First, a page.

Nebraska farmer monitoring crops for early season growth issues
A Southeast Nebraska farmer says his crops are in desperate need of moisture and could be showing signs of disease pressure.
Nathan Dorn farms 30 minutes south of Lincoln and says he received about 2 inches of rain Thursday morning, but it’s not nearly enough. “We’re limping from rain to rain. We don’t feel like we have a full soil profile. We don’t feel like there’s enough out in the soil for the crops to grow. This rain will get us through hopefully to the next rain and if we miss the next rain we’ll then you know that’s a problem.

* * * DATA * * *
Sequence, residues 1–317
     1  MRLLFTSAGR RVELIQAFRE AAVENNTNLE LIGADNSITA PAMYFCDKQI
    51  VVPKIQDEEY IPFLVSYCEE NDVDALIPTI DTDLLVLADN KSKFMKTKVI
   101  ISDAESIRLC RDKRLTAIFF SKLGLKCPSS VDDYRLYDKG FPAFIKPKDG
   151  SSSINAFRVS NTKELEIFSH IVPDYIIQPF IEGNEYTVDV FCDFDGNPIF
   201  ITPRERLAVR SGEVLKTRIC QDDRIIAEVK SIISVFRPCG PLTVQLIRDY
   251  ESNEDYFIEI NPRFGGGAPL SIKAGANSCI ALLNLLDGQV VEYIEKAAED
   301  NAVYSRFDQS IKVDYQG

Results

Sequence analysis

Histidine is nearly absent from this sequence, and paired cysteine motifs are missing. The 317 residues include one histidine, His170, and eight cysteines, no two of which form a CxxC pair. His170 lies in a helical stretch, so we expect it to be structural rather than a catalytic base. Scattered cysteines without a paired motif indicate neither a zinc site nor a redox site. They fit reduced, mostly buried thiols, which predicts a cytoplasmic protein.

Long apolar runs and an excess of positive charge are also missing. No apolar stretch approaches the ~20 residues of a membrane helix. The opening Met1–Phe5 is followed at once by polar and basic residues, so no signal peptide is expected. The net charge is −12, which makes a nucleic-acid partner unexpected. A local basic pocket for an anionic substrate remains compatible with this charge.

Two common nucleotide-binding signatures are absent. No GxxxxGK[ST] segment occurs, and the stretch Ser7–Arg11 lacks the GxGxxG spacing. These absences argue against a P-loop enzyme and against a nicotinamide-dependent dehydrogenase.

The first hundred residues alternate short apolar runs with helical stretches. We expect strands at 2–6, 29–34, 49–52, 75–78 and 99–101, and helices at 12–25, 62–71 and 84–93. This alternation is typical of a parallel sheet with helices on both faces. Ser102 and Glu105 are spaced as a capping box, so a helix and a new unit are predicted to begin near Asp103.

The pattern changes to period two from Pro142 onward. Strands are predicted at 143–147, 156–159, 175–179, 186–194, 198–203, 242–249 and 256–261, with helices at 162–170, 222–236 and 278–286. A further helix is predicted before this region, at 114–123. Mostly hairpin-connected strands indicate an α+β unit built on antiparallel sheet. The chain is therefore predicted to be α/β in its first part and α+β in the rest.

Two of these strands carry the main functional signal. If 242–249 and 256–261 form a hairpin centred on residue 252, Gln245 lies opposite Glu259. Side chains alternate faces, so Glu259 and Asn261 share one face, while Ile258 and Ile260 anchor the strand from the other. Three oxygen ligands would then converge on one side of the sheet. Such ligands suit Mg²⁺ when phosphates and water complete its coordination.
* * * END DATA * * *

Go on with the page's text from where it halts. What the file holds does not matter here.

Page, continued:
He tells Brownfield early season crop development hasn’t been great. “Corn is up and the first corn is probably 9 to 12 inches tall, and we’re starting to notice some fertility problems. I don’t know if that’s just because we haven’t had enough rain and those are popping through, but it could be some sulfur deficiency and some other problems that we’re starting to wonder about.”
The latest US Drought Monitor released Thursday showed Lancaster County and city of Lincoln in severe and exceptional drought – the most severe classifications.